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The Bard G2 IVC Filter and the Power Morcellator: Causes of Harm Instead of Remedy

Millions of people in the U.S. live with a medical device implanted in their bodies. Devices like surgical mesh, heart defibrillator or artificial joints. While one would naturally think that these devices have been tested for safety and effectiveness, such is rarely the case for manufacturers of high-risk devices and implants do nothing more than pay the U.S. Food and Drug Administration a user fee of about $4,000 and file some paperwork to be able to start selling their products. With no actual safety testing of the medical device, these often become the cause of harm than remedy to unsuspecting patients.

The Bard G2 IVC Filter is one example of a defective medical device. This cage-like wire device is implanted into a patient’s inferior vena cava, or the vein between the heart and lungs, for the purpose of catching blood clots before these enter the lungs and cause pulmonary embolism.

Created by C.R. Bard and approved by FDA in 2005, the G2 IVC Filter System was marketed as having increased migration resistance, improved centering and enhanced fracture resistance compared to the Bard Recovery IVC Filter system, which registered a high number of fractures and other problems and which it was meant to replace. Unfortunately, even the G2 IVC Filter was linked to a high rate of fractures and migrations that could cause life-threatening complications or severe internal injury in patients.

Despite awareness of the problems associated with their IVC filters, C.R. Bard allowed the Bard G2 filter to continue to be implanted into thousands of individuals – a clear show of the manufacturer’s desire for profits over consumer safety.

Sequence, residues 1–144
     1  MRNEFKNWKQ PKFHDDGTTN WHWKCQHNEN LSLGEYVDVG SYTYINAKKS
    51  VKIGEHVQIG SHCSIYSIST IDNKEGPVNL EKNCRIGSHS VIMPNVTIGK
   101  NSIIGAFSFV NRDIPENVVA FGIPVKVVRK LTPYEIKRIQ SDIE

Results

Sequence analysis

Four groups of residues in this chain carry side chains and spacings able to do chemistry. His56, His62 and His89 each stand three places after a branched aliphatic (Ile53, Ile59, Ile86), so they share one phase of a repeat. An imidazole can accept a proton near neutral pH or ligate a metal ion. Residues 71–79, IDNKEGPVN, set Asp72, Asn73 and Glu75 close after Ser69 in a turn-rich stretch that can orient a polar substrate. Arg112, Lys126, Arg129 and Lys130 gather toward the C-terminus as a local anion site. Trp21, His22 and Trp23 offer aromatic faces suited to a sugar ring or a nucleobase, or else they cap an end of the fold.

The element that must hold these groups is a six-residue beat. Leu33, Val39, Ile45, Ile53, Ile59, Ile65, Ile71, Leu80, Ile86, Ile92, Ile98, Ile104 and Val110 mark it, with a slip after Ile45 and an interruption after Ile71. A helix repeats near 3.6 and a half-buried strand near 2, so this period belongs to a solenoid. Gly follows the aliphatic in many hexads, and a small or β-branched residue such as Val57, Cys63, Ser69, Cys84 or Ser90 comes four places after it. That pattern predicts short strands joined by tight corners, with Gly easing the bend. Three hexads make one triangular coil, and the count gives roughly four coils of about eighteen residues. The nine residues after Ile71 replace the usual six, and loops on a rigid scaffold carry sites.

Another medical device, the safety and effectivity of which has been questioned, is the power morcellator, a surgical device used in laparoscopic surgeries, such as hysterectomy ( the surgical procedure that removes the uterus) and myomectomy, or the removal of uterine fibroids, more commonly known as myoma.

The use of a morcellator during laparoscopic surgeries was discovered to cause the spreading of the cancerous tissue, uterine sarcoma. The risk this device put women’s lives in made the U.S. Food and Drug Administration issue a safety alert on April 17, 2014, to discourage the further use of morcellators in laparoscopic surgeries. Many law firms, such as that of Williams Kherkher, encourages women who have received a power morcellator treatment to find out if they have been affected with the cancerous effects of the device and, if so, to file a lawsuit against the manufacturer for the compensation they may be legally entitled to receive.

Likewise, the Bard G2 IVC Filter lawsuit attorneys of Habush Habush & Rottier S.C. ® say that patients who have experienced complications after being implanted with the Bard G2 IVC filter may be entitled to receive injury settlements from the manufacturer of the defective device.

Read that Charlie wants to thank the Charleston personal injury lawyers of the Clawson & Staubes, LLC: Injury Group.